Tom: Yeah. We ran into, I think, when the newer anti-harassment rules came into place a couple of years ago, where you have to do it every year and so on and so forth. So many folks looked at it's such a chore. But you uncovered all these spots where people were doing awful things, saying awful things, getting away with it.
Tom: And so I think that's if I'm one of those employers that isn't doing this, that's the fear in my mind is this that that annual training thing, they just resist so much. It's change. It's uncomfortable. So how do you get around that?
Angela: Well, there is a way getting the managers, the leaders, to understand that if they foster an environment and you're going to hear me say this a thousand times about psychological safety and trust, people will feel comfortable having those courageous conversations. So then it doesn't transfer to behavior that has to be addressed in policies and procedures, and it's hard to get them to understand that.
Miriam: Yeah. How do you avoid making these initiatives that check the box off, just like Tom was talking about, New York State mandates that every year we go through this training? And so, you know, for someone like me who's gone through it 15,000 times into my career.
Angela: Me too.
Miriam: Right. I mean, it's like, okay, well, do the training. Like, I agree, we need to do this training. But for me, it's like I could be teaching the training. Like I know all of this stuff, but I don't want it to turn into a check the box for my organization. So how do you how do you create it in such a way that it doesn't check boxes and just be another thing a company has to do because everybody's doing it or they've been mandated to do it?
Angela: Well, you bring up a good point and you make me think about you. When we did our training with your staff, you know how you immediately move to action after. Do you learn something? And this is how we keep DENI and anything that we train on from being performative. As soon as you learn a skill or you have a tool or resource, we need to find a way to use it immediately.
Angela: You know, so that way, the more you use it, it becomes a habit and it becomes a permanent tool in the toolbox.
Angela: Definitely. Definitely.
Tom: Yeah, we've done that with a couple of scenarios. Couple of sessions that we've led is we asked the people right in the room, what are you going to do with this? And somebody volunteer a date. And when you're going to put this into play and a little bit on the folks faces is fantastic. Inevitably you get someone to raise their hand. I'm going to do X, Y and Z, and they're feeling inspired, which is exactly what you want. But the rest of the looks in one session is like deer in headlights. But you need that. You need someone to kind of step up and be that champion and say, okay, I'm going to take the risk. I'm going to jump in the pool and I'm going to learn to swim.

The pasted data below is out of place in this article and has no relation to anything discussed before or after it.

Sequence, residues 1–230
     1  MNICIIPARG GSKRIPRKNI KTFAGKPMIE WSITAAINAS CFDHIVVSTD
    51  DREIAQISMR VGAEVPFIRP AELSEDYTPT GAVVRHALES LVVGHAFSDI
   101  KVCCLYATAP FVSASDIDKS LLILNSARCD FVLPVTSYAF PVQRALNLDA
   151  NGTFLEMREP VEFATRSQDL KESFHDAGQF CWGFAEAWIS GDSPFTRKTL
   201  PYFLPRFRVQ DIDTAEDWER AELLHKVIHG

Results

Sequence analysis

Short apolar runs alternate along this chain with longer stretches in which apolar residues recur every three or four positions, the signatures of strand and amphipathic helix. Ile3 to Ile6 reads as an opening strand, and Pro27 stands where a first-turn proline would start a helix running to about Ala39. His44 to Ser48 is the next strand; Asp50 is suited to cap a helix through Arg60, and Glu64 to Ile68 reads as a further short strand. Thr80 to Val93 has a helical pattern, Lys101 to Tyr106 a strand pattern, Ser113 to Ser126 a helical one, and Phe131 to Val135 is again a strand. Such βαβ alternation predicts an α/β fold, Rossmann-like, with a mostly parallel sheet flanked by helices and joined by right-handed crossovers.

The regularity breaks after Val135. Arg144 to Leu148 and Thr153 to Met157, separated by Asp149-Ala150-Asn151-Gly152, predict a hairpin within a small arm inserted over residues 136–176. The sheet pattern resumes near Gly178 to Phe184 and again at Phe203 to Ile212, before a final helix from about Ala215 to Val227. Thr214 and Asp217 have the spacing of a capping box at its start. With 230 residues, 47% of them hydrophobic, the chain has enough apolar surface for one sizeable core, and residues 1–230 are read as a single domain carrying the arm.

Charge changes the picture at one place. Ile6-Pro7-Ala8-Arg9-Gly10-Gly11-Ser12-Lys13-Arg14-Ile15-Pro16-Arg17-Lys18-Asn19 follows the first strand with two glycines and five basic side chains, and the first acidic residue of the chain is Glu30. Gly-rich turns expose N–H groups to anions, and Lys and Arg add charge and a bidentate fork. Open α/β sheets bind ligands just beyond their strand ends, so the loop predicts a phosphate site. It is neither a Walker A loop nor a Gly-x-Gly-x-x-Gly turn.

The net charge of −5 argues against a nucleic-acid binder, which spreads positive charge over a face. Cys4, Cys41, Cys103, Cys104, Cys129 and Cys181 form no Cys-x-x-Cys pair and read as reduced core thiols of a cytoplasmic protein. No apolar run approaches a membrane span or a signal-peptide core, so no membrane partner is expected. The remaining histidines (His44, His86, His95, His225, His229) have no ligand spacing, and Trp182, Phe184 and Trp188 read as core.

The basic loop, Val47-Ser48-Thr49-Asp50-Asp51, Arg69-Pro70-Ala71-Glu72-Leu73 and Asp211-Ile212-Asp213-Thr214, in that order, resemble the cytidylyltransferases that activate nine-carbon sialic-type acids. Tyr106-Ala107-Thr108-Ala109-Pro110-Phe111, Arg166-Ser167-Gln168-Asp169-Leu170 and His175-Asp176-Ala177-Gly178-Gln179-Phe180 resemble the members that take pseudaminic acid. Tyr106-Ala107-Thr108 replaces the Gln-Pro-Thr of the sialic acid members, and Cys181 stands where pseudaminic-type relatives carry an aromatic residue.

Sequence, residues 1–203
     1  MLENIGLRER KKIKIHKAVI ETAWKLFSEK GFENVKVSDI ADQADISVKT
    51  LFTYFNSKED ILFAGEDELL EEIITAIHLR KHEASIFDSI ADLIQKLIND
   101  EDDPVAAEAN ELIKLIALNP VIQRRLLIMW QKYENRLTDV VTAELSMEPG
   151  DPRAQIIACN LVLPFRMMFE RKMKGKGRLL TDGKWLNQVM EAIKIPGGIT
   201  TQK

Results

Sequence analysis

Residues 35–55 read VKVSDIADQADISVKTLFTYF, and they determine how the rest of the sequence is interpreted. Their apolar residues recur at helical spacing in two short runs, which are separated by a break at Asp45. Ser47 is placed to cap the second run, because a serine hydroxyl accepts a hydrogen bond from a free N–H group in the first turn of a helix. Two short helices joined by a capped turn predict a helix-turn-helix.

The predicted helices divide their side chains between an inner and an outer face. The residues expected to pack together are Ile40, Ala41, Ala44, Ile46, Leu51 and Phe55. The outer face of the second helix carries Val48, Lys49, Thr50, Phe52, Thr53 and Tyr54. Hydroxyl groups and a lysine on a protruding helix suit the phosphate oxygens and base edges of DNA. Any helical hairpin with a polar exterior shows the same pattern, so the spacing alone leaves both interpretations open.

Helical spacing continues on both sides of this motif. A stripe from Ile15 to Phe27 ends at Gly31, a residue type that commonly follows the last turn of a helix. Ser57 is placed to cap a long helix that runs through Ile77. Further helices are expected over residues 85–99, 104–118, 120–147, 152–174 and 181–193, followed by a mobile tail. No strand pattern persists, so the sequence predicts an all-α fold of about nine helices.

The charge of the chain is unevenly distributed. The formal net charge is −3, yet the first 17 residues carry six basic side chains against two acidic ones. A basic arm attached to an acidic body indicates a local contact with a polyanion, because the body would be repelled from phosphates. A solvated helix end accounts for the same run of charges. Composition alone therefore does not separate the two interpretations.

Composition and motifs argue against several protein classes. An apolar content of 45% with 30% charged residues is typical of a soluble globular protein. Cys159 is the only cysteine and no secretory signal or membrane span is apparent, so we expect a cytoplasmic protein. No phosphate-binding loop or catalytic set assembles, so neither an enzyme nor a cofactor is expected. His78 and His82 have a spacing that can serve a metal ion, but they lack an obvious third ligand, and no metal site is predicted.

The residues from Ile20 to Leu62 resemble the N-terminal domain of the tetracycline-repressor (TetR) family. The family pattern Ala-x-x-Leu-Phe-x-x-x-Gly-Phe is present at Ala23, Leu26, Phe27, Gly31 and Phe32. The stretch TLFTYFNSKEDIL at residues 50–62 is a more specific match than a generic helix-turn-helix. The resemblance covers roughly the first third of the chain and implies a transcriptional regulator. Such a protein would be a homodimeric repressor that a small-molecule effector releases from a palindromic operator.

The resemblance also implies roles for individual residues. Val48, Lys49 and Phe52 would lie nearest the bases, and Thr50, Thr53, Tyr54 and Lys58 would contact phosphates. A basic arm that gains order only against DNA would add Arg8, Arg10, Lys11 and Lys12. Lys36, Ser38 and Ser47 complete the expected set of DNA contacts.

Miriam: I think it's also important, you know, you've mentioned this already, but the leaders have to champion this initiative and this important work because without that leader setting the example, actively participating, sending stuff to their team outside of that quote unquote trainings makes a bigger impression. I think of just an example. The other day, a gentleman who our team has grown since you've been with us, Angela, we've doubled. And our our demographic has also become much more diverse. And I'm very proud of that. But these are amazing people that are on our team. And one of the gentleman I had gone through a different training about Juneteenth, okay? And I went through it and then I shared it with everyone on the team and said, I just want to share this because this was very impactful for me. I learned a lot that I didn't know or that I was mistaken about related to Juneteenth. So here it is, if you would like to see it too. And this gentleman particularly said this is the reason why I work here is because you're putting an emphasis on the importance of these issues and this information. And he just was like basically saying thank you. But it just, again, resonated with me that the leader has to be the one championing it and making sure that it's important to them or it's just it's again, it's going to be a check the box type of situation.
Angela: That's so true. Just to be fair and not necessarily be the devil's advocate, but there are some leaders that have just done what they've done all their career and they don't know any better.
Angela: And so until they've been challenged, it takes work to work with their leaders and get them to have the humility to admit that there are things that they don't know. And that's another part of the psychological safety and trust training, you know, that I've done with the Ithaca Group as far as getting them to understand it's okay to not know, wanting to learn, being self aware is going to help strengthen your relationship with your employees because now they can learn with you, you can learn together.
Tom: And I think that's real key is that when the employee bases the leadership learning with them, again, I hate to use Inspire over and over again, but they see that the ship is going in the same direction they are.
Tom: And it matters so much when you're talking about engaging and being in touch with having an inclusive workforce. I remember those instances from last summer. Everyone was a sponge during everything that you said and did with us, and even we had a foreign exchange student who was with us and she was a sponge. And I had to I took extra time to make sure she had context because she wasn't from the United States. I'm like, Here's where this comes from and here's this and this and that and the other. And she knew a lot more than than she let on. I found this out after the fact.